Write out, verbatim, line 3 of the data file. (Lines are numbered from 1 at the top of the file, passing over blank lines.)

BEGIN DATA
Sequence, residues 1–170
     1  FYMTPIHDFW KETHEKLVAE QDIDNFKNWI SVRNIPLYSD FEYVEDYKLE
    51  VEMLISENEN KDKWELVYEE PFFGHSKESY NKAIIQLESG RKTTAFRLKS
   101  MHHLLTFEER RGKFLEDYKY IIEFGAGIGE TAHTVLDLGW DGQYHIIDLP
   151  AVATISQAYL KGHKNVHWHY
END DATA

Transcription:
    51  VEMLISENEN KDKWELVYEE PFFGHSKESY NKAIIQLESG RKTTAFRLKS